The modified Stoke AS Spine Score (mSASSS) system (22) was used to assess the structural damage on the lateral X-ray radiographs. A total of 12 anterior corners were assessed, including the lower border of the T12 vertebra, the upper and lower borders of all five lumbar vertebrae, and the upper border of S1. Each corner was scored as follows: 0= normal; 1= erosion, sclerosis, and squaring; 2= syndesmophyte; and 3= bony bridging (22). The sum of the numerical scores was recorded as the total mSASSS, and the scores ranged from 0 to 36.
The inflammation of the lumbar spine was scored according to the AS spinal MRI activity (ASspiMRI-a) scoring system (23). The MRI scan was performed using a 1.5-Tesla MRI Achieva scanner (Philips Medical Systems, Best, The Netherlands), and images were assessed using the PACS client software (Easy Vision IDS5, version 11.4, Philips, Hamburg, Germany). The sagittal orientation sequences were the fat-saturated short tau inversion recovery (STIR) and the T1-weighted Turbo Spin-Echo (TSE) (24,25). Inflammatory activity was assessed at the level of the disco-vertebral unit (DVU), which was defined as the area between the two horizontal lines crossing the middle of two adjacent vertebrae on sagittal MRI (Figure 2) (23). Each DVU was scored as follows: 0= normal; 1= minor (≤1/4) bone marrow edema (BME) of each DVU or relevant changes; 2= moderate (>1/4 but ≤1/2) BME or enhancement; 3= major (>1/2) BME or enhancement of the DVU; 4= minor (≤1/4) erosion with BME; 5= moderate (>1/4 but ≤1/2) erosion with BME; and 6= major (>1/2) erosion of the DVU (23). Six DVUs from the T12 to S1 were assessed for each AS patient, and the total ASspiMRI-a scores ranged from 0 to 36. Two qualified and well-trained readers (ZC and LB), different from the readers of the radiographs, who were blinded to the patient’s identity and treatment, evaluated each image independently. The mean values of the scores assessed by the two readers were adopted in the analysis.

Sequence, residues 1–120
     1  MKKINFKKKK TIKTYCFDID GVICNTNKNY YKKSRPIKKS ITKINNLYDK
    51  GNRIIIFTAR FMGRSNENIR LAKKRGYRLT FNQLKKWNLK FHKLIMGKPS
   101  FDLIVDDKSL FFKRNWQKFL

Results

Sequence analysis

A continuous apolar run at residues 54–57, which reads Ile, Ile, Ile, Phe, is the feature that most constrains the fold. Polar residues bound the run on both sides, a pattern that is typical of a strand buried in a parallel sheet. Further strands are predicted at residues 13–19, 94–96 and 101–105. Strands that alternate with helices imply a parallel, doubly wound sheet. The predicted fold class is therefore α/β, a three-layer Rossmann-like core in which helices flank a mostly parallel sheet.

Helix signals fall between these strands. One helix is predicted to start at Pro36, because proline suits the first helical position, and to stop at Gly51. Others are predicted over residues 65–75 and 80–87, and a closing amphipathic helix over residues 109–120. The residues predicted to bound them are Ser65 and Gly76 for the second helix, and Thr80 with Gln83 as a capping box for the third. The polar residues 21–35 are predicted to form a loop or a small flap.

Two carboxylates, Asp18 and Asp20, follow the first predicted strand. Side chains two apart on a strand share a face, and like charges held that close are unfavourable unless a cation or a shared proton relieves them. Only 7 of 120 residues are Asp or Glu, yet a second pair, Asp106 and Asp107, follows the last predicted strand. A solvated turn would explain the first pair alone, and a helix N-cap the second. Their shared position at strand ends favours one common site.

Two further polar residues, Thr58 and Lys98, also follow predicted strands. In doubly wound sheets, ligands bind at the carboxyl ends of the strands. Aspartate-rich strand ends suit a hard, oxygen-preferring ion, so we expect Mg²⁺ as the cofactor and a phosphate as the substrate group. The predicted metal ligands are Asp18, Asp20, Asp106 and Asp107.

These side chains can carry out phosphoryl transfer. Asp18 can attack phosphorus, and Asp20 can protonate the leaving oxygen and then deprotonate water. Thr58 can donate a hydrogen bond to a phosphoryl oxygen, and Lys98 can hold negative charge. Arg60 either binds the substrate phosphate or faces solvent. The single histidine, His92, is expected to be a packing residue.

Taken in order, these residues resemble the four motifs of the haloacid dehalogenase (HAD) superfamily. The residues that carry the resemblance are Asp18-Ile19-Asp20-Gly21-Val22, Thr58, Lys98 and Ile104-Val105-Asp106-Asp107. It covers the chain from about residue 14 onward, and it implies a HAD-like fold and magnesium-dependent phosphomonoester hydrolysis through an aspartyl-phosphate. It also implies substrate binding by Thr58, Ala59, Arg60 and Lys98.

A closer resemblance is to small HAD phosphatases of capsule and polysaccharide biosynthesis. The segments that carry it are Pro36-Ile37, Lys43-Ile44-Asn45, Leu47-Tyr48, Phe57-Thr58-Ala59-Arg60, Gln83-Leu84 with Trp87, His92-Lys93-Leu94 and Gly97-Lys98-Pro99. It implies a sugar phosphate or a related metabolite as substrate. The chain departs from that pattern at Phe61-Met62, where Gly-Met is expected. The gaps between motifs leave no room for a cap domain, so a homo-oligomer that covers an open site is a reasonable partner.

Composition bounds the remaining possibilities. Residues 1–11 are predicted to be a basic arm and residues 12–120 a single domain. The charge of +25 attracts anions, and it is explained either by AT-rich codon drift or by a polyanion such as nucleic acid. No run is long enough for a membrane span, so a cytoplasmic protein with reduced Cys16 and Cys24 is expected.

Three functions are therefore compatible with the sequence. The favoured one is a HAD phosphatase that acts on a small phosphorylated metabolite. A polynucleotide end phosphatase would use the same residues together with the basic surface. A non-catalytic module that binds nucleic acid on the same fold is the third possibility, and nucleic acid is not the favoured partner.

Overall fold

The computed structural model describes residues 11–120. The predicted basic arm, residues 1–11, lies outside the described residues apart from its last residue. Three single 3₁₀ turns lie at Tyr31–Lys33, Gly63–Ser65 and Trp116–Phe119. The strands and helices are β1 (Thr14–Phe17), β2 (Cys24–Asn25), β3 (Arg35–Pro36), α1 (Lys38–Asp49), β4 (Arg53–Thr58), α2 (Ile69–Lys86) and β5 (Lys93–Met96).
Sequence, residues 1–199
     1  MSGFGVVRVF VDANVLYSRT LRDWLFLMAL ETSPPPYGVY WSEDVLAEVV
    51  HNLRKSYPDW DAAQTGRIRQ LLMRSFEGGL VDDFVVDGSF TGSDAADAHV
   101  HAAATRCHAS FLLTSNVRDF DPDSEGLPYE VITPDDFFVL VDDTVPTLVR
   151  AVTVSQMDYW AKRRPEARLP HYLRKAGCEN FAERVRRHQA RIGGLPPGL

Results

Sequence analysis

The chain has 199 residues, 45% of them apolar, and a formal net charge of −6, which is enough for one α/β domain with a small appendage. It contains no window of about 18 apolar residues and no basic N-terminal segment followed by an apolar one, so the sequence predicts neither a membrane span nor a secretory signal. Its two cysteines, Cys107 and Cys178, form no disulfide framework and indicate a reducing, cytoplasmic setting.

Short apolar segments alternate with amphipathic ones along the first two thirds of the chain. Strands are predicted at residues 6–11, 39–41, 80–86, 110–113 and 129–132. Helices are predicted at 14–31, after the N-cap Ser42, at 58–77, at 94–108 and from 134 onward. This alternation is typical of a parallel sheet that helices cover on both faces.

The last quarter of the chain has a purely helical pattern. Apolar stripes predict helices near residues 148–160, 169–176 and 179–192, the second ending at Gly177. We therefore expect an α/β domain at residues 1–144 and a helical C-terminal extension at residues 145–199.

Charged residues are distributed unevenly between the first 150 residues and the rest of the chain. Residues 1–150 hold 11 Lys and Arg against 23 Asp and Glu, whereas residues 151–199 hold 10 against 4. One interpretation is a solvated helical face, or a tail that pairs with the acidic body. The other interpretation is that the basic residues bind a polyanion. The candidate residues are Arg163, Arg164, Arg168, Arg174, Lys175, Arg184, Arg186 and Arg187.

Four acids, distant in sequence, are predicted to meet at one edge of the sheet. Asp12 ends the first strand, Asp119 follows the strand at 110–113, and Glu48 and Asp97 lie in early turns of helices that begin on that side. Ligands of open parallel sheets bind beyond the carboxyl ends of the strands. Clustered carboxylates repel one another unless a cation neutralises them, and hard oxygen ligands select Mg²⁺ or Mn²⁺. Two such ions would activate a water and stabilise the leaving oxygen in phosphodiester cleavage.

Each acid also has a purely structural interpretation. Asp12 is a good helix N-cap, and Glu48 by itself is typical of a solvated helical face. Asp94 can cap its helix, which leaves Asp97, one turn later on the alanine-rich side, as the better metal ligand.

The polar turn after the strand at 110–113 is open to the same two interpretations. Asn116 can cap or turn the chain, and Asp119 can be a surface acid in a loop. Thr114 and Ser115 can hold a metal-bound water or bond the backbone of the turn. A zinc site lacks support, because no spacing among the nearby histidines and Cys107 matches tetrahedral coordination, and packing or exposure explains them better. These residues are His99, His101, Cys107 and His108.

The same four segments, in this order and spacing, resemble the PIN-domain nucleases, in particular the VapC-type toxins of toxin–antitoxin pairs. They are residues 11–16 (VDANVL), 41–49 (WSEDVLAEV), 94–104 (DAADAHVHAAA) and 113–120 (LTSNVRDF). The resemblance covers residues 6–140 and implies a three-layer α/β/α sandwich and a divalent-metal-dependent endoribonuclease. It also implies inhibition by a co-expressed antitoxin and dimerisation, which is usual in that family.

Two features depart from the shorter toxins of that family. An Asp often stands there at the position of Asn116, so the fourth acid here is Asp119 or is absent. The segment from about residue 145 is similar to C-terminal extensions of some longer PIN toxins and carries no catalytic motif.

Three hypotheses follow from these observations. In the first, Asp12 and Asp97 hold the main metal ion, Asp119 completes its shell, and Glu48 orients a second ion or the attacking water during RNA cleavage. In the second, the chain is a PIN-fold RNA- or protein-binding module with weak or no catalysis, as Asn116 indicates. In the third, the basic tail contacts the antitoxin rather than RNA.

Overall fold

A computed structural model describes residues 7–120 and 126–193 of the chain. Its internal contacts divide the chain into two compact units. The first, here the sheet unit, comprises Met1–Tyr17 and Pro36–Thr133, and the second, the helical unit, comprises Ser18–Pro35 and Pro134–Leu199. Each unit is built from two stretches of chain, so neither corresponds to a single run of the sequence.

Data were statistically analyzed using the SPSS software 17.0 (SPSS, Inc., USA). Descriptive statistics were used to analyze patients’ demographic parameters. Correlation analysis was performed using the paired sample t-test, and the Spearman correlation coefficients were calculated. Additionally, multivariable linear regression models were constructed to analyze the contributions of the mSASSS and ASspiMRI-a to the sagittal parameters. A statistically significant difference was defined as P<0.05.
The average scores of BASDAI, BASFI, and ODI were 29.0±16.1, 28.5±20.0, and 28.2±16.3. The average ESR and CRP values were 24.8±15.3 mm/h and 14.2±23.7 mg/L (Table 1). The global spinal parameters, including C7T, SSA, GK, and SVA were 68.1°±11.7°, 80.1°±18.7°, 77.3°±21.4°, and 168.7±74.3 mm, respectively, while the local parameters, including TK and LL, were 47.7°±16.7° and −0.7°±22.7°, respectively (Table 2). The average mSASSS and ASspiMRI-a scores were 9.8±3.5 and 10.8±4.6, respectively, and all AS patients had elevated mSASSS and ASspiMRI-a scores (the scores of mSASSS and ASspiMRI-a >0 for all patients).
The mSASSS was correlated with the local parameter (LL) and global parameters including C7T, SSA, and SVA (r=0.530, −0.439, −0.390, and 0.424, respectively, P<0.05). However, correlations between the mSASSS and the other sagittal parameters were not observed (P>0.05) (Table 3).
Correlations were also observed between the ASspiMRI-a and the sagittal parameters, including C7T, SSA, SVA, and LL (r=−0.406, −0.402, 0.240, and 0.486, respectively, P<0.05). However, the ASspiMRI-a was not correlated with GK and TK (P>0.05) (Table 3).
The correlation analysis also showed that C7T, SSA, and SVA were significantly correlated with LL (r=−0.696, −0.779, and 0.633, respectively, P<0.05, Table 4).
Multivariable linear regression models
Interactions between the sagittal parameters and the other possible factors, including age, gender, disease duration, BASDAI, BASFI, ODI, ESR, CRP, and HLA-B27, were tested and excluded. When taking the mSASSS and ASspiMRI-a as independent variables and the sagittal parameters (including C7T, SSA, SVA, and LL) as dependent variables, both the mSASSS and ASspiMRI-a determined the four sagittal spinal parameters (P<0.05, Table 5). Notably, the sagittal imbalance was determined to a greater extent by mSASSS than ASspiMRI-a (the β values were −1.550 vs. −0.649 for C7T, −1.865 vs. −1.231 for SSA, 9.161 vs. 3.823 for SVA, and 3.128 vs. 1.717 for LL).
In the advanced stages of AS, patients often suffer from fixed thoracolumbar kyphosis (17,26). The gradually increased thoracic kyphosis and decreased lumbar lordosis eventually lead to the rigid global sagittal imbalance (17,27,28). Crucially, this sagittal imbalance is not merely a cosmetic and psychological disturbance (26). The severely inefficient posture ultimately leads to the inability to look straight ahead and a dramatic restriction of walking and limitation in interpersonal communications (17,29).